Show Less
Restricted access

Children’s Virtual Play Worlds

Culture, Learning, and Participation


Edited By Anne Burke and Jackie Marsh

As children’s digital lives become more relevant to schools and educators, the question of play and learning is being revisited in new and interesting ways. Children’s Virtual Play Worlds: Culture, Learning, and Participation provides a more reasoned account of children’s play engagements in virtual worlds through a number of scholarly perspectives, exploring key concerns and issues which have come to the forefront. The global nature of the research in this edited volume embraces many different areas of study from school based research, sociology, cultural studies, psychology, to contract law showing how children’s play and learning in virtual spaces has great potential and possibilities.
Show Summary Details
Restricted access

7. Virtual clay or virtual play: Identity shaping, consumer building and corporate affiliation versus literacies affordance inside


| 99 →


Virtual Play or Virtual Clay? as a Space of Constructive Play or Identity Shaping


Introduction: Problematising Virtual Worlds for the Young

This chapter draws on data gathered via a cyberethnographic1 journey into the virtual world of conducted by the author, an educational researcher. The work appropriates a social semiotic ‘app’ to discuss the formation of identity within one particular virtual world for the young— It will be suggested that whilst the young seemingly enjoy freedom to create themselves as avatars with adornments, to venture into new spaces, to enact new social practices of engagement, to utilise multiple affordances to learn basic literacy skills, social awareness, and practise creative problem solving; in reality virtual spaces are rarely free from commercial inducements and hard-sell advertising (Meyers, Nathan, & Unsworth, 2010). Foucault’s (1982) notion of the panopticon is co-opted in the examination of how virtual world designers employ hegemonic discourses that construct the subject, and facilitate the performance of social practices that create consumers and a particular type of social uniformity.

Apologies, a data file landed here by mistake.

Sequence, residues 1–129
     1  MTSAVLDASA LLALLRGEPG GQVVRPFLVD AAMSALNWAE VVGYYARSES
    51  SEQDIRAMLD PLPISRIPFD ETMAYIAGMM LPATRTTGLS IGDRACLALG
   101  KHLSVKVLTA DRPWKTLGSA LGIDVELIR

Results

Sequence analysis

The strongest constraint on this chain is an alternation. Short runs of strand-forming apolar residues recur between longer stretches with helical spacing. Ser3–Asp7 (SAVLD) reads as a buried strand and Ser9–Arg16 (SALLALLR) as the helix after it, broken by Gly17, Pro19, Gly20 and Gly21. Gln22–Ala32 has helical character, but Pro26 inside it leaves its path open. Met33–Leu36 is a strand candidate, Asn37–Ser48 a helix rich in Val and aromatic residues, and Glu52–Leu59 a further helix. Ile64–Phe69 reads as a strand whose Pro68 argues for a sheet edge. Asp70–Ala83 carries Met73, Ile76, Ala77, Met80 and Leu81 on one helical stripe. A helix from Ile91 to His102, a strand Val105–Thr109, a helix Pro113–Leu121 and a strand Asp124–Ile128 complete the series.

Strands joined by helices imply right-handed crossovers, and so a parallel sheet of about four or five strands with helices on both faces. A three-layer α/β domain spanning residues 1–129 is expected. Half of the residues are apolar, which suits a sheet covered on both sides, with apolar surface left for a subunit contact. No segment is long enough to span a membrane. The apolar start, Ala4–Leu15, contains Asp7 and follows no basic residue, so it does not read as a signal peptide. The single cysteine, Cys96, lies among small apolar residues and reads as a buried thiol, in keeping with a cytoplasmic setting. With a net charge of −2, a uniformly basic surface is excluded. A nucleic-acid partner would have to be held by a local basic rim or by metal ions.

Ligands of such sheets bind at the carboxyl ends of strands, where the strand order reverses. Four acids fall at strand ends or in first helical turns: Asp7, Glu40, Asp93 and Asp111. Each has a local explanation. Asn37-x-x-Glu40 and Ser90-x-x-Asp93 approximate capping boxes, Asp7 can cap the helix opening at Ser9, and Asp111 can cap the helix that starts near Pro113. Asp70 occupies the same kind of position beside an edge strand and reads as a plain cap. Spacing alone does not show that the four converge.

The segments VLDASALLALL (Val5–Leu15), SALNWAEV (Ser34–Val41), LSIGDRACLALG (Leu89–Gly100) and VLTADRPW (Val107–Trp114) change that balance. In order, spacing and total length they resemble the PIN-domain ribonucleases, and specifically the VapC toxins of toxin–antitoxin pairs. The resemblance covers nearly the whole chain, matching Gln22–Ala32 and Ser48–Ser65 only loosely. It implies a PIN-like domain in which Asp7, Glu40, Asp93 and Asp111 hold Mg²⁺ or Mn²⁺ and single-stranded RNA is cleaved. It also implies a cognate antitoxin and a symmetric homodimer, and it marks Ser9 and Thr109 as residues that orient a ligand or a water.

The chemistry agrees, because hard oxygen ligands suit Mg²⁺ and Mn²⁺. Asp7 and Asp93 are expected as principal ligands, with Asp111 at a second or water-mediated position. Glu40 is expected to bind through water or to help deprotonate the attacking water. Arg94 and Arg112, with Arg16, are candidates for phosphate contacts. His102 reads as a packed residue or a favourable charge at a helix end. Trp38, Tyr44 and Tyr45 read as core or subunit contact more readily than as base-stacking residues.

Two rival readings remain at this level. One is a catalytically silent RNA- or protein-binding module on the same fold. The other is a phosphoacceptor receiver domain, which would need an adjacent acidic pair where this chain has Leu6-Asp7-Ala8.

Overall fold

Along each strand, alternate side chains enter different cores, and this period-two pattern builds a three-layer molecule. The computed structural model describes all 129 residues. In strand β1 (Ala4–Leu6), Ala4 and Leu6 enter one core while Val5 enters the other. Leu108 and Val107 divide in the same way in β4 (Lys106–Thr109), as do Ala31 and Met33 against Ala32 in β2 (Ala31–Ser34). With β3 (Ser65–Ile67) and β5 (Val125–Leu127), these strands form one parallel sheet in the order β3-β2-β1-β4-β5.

It is increasingly being acknowledged that digital affordances are the most powerful tools we have ever had to inspire children to learn in new ways through play. This kind of learning is radically different from the traditional accumulation of facts or acquisition of knowledge-type learning (Thomas & Brown, 2009). Cook and Brown (1999) name it ‘knowledge in action’...

You are not authenticated to view the full text of this chapter or article.

This site requires a subscription or purchase to access the full text of books or journals.

Do you have any questions? Contact us.

Or login to access all content.